Despite the holidays, FedFin continued late last year to alert clients to several major developments, as well as to provide in-depth analyses of actions with strategic impact in 2015. One area with significant market and policy impact is the emerging regulatory framework governing asset securitization. The new Basel standards will be implemented in the U.S. in conjunction with other capital rewrites, but they create a near-term framework with considerable impact for U.S. ABS issuers and for those working out GSE risk-share transactions now and statutory rewrites later this year.
As we noted in FSM Report ABS37, the new global framework is important not only in its own right, but also because Basel’s conservative approach has left the EU very, very unhappy. Combined with the furor late last year over Basel’s decision to chastise the Continent for non-compliance with the overall capital rules – not to mention increasing disagreement over the liquidity and resolution frameworks – a critical 2015 issue is the extent to which the overall global framework withstands attack.
Importantly, the ability of the U.S. to participate meaningfully in global deliberations is also under fire. Legislation will shortly be reintroduced to restrict the FRB and other agencies from agreeing to anything Basel does without extensive public scrutiny (see FSM Report FEDERALRESERVE17). Basel’s decision to issue its new standardized credit-risk rules right before Christmas forestalled a firestorm. But, as you will see in our forthcoming in-depth report, Basel’s proposal will arouse strong community-bank opposition to changes proposed in hot-button areas like residential mortgages, small-business lending, and commercial real estate.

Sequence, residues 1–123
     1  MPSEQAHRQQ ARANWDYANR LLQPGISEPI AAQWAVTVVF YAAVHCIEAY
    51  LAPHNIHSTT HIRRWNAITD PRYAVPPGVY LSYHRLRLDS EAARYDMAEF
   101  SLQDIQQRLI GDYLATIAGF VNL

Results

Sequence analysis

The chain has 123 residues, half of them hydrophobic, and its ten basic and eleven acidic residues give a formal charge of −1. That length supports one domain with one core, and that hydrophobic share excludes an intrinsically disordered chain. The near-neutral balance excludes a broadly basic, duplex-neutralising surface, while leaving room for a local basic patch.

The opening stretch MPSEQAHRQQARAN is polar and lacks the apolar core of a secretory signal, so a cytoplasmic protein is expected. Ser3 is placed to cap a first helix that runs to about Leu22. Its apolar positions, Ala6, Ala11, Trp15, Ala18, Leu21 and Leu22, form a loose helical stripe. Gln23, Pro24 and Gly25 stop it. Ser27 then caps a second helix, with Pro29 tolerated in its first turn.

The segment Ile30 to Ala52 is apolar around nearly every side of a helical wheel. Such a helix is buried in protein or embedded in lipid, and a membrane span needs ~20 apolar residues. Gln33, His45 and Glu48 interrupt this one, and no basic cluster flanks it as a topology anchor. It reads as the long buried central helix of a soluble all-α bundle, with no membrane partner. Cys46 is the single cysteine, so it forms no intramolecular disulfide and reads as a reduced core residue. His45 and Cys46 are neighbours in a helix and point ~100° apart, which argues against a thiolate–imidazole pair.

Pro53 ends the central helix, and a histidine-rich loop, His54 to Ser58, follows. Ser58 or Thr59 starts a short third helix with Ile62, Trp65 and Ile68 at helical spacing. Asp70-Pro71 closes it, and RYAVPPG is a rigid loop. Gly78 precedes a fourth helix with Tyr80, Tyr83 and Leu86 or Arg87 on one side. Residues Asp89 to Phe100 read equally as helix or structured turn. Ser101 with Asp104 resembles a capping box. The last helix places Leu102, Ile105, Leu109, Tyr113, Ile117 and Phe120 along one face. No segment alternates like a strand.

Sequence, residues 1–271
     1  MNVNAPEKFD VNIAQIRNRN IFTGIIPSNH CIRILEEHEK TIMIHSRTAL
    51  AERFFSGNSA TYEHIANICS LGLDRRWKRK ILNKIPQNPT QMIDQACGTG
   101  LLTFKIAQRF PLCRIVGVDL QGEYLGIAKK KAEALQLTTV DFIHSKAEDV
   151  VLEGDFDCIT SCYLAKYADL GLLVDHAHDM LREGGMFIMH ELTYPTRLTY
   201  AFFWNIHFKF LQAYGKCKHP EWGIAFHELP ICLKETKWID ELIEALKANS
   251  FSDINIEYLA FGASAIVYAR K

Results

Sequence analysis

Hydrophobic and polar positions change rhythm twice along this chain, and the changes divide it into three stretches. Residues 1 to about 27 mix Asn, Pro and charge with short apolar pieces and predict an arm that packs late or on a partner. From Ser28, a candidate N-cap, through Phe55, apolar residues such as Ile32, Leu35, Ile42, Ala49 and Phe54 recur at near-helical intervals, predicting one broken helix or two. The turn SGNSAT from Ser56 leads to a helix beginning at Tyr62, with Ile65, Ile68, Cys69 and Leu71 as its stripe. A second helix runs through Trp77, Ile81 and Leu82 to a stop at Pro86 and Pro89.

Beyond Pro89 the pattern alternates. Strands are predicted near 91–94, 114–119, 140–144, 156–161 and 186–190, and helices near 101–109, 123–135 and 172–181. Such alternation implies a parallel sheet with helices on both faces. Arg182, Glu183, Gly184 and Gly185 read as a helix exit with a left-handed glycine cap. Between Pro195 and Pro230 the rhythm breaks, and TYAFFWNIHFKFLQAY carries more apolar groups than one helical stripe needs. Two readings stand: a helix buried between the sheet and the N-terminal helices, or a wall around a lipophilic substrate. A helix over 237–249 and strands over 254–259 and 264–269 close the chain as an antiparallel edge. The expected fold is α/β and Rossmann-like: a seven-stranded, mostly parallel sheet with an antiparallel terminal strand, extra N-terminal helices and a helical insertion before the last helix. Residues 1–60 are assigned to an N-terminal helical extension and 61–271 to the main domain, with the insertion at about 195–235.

Basel knows full well how fragile it is. Thus, in conjunction with the new securitization-capital standards, it and IOSCO laid out new standards defining simple, transparent, and comparable ABS. However, FSM Report ABS36 demonstrates that these standards are so vague and divorced from actual credit risk as in our view to have little impact on the new capital framework. As a result, they may buy Basel some time, but not protection.
FedFin has extensive client reports related to asset securitization, focusing in particular on policy drivers that determine competitiveness based on originator and issuer incentives vis-a-vis portfolio lending. This issue is particularly critical for housing finance, where regulatory incentives have been particularly strong drivers of business to the GSEs and FHA, as well as determining market pricing for RMBS and risk-share and risk-transfer structures. With President Obama set later this week to speak on the future of housing finance, these policy drivers are clearly critical for market strategy in 2015. We would be pleased to address any questions you may have – please advise us via e-mail at email@example.com.